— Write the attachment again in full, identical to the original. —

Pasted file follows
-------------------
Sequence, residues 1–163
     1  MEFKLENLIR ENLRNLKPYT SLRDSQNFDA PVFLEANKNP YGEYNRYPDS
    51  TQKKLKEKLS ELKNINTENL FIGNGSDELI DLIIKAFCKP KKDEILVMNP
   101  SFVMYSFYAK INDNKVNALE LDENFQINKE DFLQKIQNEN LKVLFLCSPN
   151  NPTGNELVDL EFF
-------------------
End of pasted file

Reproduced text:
Sequence, residues 1–163
     1  MEFKLENLIR ENLRNLKPYT SLRDSQNFDA PVFLEANKNP YGEYNRYPDS
    51  TQKKLKEKLS ELKNINTENL FIGNGSDELI DLIIKAFCKP KKDEILVMNP
   101  SFVMYSFYAK INDNKVNALE LDENFQINKE DFLQKIQNEN LKVLFLCSPN
   151  NPTGNELVDL EFF